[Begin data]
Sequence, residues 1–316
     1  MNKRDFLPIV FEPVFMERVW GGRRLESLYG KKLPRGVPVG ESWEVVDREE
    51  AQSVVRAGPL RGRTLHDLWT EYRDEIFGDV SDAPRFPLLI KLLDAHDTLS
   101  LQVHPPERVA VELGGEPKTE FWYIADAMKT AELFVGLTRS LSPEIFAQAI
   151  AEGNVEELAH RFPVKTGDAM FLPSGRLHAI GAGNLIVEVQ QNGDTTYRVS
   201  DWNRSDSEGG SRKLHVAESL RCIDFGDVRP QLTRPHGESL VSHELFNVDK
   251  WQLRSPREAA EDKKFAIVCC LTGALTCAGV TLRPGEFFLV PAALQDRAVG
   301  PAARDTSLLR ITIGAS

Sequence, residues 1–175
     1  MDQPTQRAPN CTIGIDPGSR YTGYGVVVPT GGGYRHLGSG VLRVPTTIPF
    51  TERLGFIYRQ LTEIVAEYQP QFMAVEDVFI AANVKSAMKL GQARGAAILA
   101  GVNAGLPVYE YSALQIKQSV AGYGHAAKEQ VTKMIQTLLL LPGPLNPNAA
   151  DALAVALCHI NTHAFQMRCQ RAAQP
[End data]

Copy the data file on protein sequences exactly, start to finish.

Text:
Sequence, residues 1–316
     1  MNKRDFLPIV FEPVFMERVW GGRRLESLYG KKLPRGVPVG ESWEVVDREE
    51  AQSVVRAGPL RGRTLHDLWT EYRDEIFGDV SDAPRFPLLI KLLDAHDTLS
   101  LQVHPPERVA VELGGEPKTE FWYIADAMKT AELFVGLTRS LSPEIFAQAI
   151  AEGNVEELAH RFPVKTGDAM FLPSGRLHAI GAGNLIVEVQ QNGDTTYRVS
   201  DWNRSDSEGG SRKLHVAESL RCIDFGDVRP QLTRPHGESL VSHELFNVDK
   251  WQLRSPREAA EDKKFAIVCC LTGALTCAGV TLRPGEFFLV PAALQDRAVG
   301  PAARDTSLLR ITIGAS

Sequence, residues 1–175
     1  MDQPTQRAPN CTIGIDPGSR YTGYGVVVPT GGGYRHLGSG VLRVPTTIPF
    51  TERLGFIYRQ LTEIVAEYQP QFMAVEDVFI AANVKSAMKL GQARGAAILA
   101  GVNAGLPVYE YSALQIKQSV AGYGHAAKEQ VTKMIQTLLL LPGPLNPNAA
   151  DALAVALCHI NTHAFQMRCQ RAAQP